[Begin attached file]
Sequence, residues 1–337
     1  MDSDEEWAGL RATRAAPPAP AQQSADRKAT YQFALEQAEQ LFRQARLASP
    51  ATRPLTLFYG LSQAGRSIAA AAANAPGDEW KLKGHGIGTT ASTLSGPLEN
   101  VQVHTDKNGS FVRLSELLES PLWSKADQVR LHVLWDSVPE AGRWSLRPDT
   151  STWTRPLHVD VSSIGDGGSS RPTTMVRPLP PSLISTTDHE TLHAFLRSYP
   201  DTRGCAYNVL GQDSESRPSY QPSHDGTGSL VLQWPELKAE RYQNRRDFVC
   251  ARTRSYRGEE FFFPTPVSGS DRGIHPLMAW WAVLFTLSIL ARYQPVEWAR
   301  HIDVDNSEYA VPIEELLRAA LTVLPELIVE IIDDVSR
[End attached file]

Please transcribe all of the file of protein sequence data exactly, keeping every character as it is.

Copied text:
Sequence, residues 1–337
     1  MDSDEEWAGL RATRAAPPAP AQQSADRKAT YQFALEQAEQ LFRQARLASP
    51  ATRPLTLFYG LSQAGRSIAA AAANAPGDEW KLKGHGIGTT ASTLSGPLEN
   101  VQVHTDKNGS FVRLSELLES PLWSKADQVR LHVLWDSVPE AGRWSLRPDT
   151  STWTRPLHVD VSSIGDGGSS RPTTMVRPLP PSLISTTDHE TLHAFLRSYP
   201  DTRGCAYNVL GQDSESRPSY QPSHDGTGSL VLQWPELKAE RYQNRRDFVC
   251  ARTRSYRGEE FFFPTPVSGS DRGIHPLMAW WAVLFTLSIL ARYQPVEWAR
   301  HIDVDNSEYA VPIEELLRAA LTVLPELIVE IIDDVSR